• A lot of redundancy as for every pipeline SailfishOS SDK must be setup with the required packages. This can be however speed up if providing a custom SDK base docker image with all the needed packages pre-installed.
  • Artifacts must be stored externally as there is no shared storage between pipelines. However steps share the same storage (workspace), but keep the one hour build time limit in mind.
  • Drone.io’s plugins are a bit wonky especially build cache plugins for SFTP or S3 cache/sync. I ended up using rlcone docker image to copy artifacts to S3 storage back and forward.
  • Parallelizm must be hand-crafted. This is very cubersome if building a large project with a lot of dependencies that must be build and fulfilled.
  • You will end up with a huge YAML file as build pipelines can not be evaluated at runtime like Concourse CI does.
  • Compilation time for 11 packages required for OSM Scout Server took 25 minutes on cloud.drone.io including release upload to Github

Drone.io is a nice public build service for smaller SailfishOS applications if there are not too many dependencies that needs to be build. If so you will end up in YAML hell and have to face build timeouts if not parallelized massively. On the other hand Drone.io is as simple as it can be to have CI/CD in place for your SailfishOS applications. For building a Linux distribution and a lot of dependant RPMs it is not.

If you want to check for yourself look here:


Here are the exact build times on cloud.drone.io:

Compared to OBS build is slightly faster even doing all the zypper install commands.

E.g. OSM Scout Server cloud.drone.io 227s vs 426s (OBS), valhalla cloud.drone.io 848s vs. 1193s (OBS).

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So, if I understand correctly, you have to hand-craft sequence by which the compilation is done for each of the projects if you want to use that CI service? Something that has been done for you when you use OBS. And, as you demonstrate, it is far from trivial in the case of OSM Scout Server. Similar problem will occur with the ports and anything complicated that we would like to build from SFOS.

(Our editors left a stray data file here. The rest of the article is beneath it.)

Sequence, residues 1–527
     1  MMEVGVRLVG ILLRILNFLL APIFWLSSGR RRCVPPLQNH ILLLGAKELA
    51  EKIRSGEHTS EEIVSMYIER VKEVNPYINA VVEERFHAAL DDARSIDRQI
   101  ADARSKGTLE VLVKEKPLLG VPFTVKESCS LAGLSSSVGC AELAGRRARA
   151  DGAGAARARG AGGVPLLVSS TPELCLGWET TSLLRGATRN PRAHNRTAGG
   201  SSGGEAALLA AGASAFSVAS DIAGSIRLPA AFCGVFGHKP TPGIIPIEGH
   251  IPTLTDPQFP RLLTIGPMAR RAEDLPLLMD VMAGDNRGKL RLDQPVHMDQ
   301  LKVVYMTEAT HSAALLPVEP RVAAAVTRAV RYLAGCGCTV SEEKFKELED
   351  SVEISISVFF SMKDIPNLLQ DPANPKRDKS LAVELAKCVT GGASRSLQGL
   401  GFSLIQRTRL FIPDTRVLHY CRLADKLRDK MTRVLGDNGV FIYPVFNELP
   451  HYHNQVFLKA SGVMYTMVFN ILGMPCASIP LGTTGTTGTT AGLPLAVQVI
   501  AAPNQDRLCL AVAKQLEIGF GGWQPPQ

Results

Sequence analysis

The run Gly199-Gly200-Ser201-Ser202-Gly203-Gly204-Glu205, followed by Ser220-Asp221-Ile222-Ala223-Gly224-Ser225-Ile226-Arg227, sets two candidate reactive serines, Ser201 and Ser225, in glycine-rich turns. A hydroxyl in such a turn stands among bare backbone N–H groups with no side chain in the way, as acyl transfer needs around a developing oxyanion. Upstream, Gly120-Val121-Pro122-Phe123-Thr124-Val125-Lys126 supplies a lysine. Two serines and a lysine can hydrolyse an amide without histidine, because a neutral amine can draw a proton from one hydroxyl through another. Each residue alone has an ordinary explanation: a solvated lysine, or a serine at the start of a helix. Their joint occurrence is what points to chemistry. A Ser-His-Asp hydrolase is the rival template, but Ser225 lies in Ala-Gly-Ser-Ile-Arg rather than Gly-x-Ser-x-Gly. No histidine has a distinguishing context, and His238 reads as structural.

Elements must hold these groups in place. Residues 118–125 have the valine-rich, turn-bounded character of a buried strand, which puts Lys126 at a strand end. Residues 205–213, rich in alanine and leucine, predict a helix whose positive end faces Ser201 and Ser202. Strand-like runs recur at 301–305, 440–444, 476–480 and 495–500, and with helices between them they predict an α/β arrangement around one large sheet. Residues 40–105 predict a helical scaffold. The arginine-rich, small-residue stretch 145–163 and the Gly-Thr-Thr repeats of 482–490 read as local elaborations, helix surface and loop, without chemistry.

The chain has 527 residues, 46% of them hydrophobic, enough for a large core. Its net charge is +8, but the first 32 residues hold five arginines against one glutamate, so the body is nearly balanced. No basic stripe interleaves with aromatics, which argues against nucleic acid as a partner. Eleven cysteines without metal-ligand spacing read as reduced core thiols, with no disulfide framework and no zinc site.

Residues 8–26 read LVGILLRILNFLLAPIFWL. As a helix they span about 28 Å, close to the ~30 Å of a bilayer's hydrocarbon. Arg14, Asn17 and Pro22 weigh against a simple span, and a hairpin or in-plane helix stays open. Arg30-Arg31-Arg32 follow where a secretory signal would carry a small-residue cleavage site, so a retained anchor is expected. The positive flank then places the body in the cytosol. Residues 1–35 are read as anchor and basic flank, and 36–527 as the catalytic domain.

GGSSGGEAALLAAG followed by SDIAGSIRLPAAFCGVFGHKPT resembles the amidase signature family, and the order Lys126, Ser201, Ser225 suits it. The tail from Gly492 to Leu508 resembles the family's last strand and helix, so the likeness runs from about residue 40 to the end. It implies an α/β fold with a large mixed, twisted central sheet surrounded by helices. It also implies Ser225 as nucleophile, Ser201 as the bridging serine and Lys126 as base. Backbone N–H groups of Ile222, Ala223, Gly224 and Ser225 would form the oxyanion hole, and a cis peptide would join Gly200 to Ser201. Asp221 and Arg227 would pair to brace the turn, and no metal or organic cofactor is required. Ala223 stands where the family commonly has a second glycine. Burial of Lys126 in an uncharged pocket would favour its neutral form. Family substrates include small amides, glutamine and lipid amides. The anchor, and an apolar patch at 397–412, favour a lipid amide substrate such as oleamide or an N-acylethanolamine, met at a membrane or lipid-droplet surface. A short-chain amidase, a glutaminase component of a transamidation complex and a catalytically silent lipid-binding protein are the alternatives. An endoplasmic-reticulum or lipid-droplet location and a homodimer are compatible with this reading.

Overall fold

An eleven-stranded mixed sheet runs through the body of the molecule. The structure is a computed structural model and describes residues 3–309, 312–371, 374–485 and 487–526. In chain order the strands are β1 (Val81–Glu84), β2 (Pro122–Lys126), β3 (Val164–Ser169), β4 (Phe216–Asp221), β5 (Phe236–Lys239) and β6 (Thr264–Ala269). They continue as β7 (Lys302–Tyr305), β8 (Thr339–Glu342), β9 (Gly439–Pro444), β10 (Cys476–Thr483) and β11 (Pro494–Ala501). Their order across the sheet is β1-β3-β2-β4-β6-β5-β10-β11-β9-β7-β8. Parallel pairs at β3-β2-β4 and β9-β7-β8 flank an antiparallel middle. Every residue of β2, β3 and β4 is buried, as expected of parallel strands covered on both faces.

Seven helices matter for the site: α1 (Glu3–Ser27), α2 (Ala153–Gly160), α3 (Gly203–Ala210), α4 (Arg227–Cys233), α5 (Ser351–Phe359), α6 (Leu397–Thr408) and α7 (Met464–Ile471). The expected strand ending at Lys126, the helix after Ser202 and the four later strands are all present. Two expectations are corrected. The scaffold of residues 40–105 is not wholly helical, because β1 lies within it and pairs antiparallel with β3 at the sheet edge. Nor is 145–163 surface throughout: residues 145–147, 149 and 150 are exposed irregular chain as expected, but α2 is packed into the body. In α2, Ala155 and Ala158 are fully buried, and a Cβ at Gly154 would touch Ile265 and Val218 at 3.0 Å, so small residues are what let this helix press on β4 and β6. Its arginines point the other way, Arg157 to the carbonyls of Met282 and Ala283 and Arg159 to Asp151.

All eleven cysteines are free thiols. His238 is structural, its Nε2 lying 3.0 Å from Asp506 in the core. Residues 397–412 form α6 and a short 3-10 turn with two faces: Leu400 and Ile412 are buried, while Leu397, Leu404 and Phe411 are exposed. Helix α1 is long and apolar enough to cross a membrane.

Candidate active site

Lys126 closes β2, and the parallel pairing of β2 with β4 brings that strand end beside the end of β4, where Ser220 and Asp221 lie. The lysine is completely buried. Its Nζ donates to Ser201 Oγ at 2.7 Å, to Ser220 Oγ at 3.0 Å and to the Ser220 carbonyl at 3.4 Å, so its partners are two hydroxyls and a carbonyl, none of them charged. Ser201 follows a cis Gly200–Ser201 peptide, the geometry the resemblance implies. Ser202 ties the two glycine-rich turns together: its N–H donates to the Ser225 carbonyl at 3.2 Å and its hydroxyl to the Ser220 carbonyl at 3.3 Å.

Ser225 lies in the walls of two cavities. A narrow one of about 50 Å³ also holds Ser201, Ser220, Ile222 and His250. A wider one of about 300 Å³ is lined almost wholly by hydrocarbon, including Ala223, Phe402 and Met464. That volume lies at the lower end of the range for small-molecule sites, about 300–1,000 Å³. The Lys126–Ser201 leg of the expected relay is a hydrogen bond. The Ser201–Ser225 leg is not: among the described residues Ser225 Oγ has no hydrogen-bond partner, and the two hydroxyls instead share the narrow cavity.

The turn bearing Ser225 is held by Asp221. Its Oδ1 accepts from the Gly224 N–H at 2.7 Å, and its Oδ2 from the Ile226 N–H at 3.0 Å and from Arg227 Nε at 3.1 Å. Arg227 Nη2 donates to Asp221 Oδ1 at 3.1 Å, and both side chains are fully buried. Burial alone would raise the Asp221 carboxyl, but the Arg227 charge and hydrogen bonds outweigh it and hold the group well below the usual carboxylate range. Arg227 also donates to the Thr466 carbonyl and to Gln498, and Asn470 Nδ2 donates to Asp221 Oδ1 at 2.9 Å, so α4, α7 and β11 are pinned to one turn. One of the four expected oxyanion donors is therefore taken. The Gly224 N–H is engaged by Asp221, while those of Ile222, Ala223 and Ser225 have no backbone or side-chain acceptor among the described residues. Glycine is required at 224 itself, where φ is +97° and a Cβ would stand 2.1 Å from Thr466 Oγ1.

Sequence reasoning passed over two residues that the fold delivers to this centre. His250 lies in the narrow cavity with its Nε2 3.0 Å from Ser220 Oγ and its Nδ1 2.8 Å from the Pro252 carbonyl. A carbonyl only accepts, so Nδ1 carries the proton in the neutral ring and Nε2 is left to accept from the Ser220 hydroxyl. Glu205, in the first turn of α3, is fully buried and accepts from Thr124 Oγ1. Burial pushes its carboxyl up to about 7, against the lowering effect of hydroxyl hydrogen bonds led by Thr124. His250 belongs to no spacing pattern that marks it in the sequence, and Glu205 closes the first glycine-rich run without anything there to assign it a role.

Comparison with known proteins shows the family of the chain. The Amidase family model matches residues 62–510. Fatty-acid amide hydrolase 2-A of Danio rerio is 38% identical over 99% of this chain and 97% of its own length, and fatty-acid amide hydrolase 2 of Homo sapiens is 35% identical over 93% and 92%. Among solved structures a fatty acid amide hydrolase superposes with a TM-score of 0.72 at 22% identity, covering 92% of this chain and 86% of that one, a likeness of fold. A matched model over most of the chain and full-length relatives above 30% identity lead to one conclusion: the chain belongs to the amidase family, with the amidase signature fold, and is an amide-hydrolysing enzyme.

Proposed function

That’s it. There are a lot of bolts and nuts missing when it comes to dependency solving and RPM repository deployment. Simply there is no tool on the market to my best knowledge that converts RPM SPEC files with accessing public RPM repositories to analyse dependencies (which packages are already found in repository and can be skipped from building, needs to be build or are missing) and convert everything into a big .drone.yaml pipeline keeping things highly parallelized using some dependency graph magic.

In an ideal world you would simply put your SPECs into a build dir, launch Drone.IO converter that uses the public Jolla repos, checks available packages against SPEC and knows what packages needs to be installed or if missing eventually build from a different SPEC file. In the end everything is uploaded into a cache repo so zippy can use its own package resolving logic instead of manually installing the missing RPMs like I did in the POC.

But wait! Isn’t there a thing called OBS for that?



Another funny fact about rebuilding qmapboxgl using the OBS SPEC file (alas slightly modified to clone the Github repository and branch into sfos) is that OBS build is much smaller than Docker-based build:

4.7 MB :grinning: